An estimate of antitrust damages requires knowing the "but for" price and the actual price paid. In order to determine the "but for" price, we must have reasonable estimates of the supply and demand. The shape of either curve could dramatically affect the estimate of the damages. Figure 2, a slight alteration of figure 1, illustrates this point more clearly.

In figure 2, we have added a new demand curve ([D.sub.2]) and kept everything else the same. As you can see, [D.sub.2] is much steeper than [D.sub.1].


Because of the steepness of [D.sub.2], supply and demand meet at a quantity of labor ([x.sub.c2]) and a wage ([w.sub.c2]) that is much lower than [x.sub.c1] and [w.sub.c1], the competitive quantity of labor and wage from figure 1. Since the supply curve, and thus the marginal factor cost curve, has remained the same in this figure, the monopsonist still restricts its purchases to [x.sub.m], and buys at [w.sub.m]. Thus, the damages when [D.sub.2] is the demand curve (area [w.sub.c2][geMRP.sub.m]) are much lower than the damages when [D.sub.1] is the demand curve ([w.sub.c1][dew.sub.m]). In other words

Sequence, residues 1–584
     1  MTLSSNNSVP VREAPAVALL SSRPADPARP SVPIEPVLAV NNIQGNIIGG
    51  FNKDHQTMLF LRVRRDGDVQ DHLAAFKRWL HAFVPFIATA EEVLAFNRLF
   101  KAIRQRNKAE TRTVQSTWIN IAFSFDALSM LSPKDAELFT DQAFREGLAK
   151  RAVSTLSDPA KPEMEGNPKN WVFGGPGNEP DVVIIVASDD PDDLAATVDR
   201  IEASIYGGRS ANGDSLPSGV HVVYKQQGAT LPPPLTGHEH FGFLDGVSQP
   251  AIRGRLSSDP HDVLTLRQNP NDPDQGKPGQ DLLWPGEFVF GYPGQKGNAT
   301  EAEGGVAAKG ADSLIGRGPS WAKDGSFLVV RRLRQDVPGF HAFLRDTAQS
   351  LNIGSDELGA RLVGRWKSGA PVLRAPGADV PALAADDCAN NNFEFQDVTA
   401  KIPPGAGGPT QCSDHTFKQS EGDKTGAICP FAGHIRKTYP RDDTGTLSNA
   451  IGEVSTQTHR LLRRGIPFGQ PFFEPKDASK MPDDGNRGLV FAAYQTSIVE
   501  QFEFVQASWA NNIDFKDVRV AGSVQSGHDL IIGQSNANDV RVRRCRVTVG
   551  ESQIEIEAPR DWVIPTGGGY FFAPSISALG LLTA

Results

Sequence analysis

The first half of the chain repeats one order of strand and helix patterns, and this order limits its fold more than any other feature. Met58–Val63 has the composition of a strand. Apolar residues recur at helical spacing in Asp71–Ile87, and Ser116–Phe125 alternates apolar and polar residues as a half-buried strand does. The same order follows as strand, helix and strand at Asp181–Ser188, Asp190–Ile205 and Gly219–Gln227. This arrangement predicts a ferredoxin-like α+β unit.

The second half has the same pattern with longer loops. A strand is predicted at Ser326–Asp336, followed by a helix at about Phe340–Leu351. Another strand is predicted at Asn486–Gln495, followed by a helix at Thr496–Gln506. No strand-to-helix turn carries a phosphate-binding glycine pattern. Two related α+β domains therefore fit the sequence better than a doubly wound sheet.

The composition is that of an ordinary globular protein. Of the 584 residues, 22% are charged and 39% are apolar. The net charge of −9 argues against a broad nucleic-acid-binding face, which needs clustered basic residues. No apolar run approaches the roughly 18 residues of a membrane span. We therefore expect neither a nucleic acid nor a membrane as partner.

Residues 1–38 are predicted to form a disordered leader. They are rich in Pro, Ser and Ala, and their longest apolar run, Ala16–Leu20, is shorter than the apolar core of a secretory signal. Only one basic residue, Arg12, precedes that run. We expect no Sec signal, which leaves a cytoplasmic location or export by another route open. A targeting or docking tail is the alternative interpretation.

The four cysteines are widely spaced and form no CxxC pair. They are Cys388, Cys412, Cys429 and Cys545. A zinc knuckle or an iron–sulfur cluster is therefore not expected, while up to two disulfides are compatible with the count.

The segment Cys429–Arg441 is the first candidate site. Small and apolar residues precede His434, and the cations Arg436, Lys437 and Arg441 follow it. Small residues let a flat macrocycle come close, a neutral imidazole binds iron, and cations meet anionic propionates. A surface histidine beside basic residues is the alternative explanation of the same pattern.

([w.sub.c2] - [w.sub.m])[x.sub.m] < ([w.sub.c1] - [w.sub.m])[x.sub.m].

Comparatively, if [D.sub.2] had been flatter than [D.sub.1] the damages would have been larger (i.e., ([w.sub.c2] - [w.sub.m])[x.sub.m] > ([w.sub.c1] - [w.sub.m])[x.sub.m]). Additionally, notice that since supply did not change, monopsonistic exploitation remained the same. In other words, even a drastic reduction in the amount of the damages has no effect on the level of exploitation by the collusive monopsonist.

Figure 2 illustrates the importance of the supply and demand curve in damage estimation. While we can mathematically extract an estimate of the supply curve, finding the demand curve could be impossible. If we know the actual wage and quantity, we can manipulate some well-known equations to find the slope of the supply curve. Referring back to the mathematical model from section II, we know that for the profit-maximizing collusive monopsonist in a labor market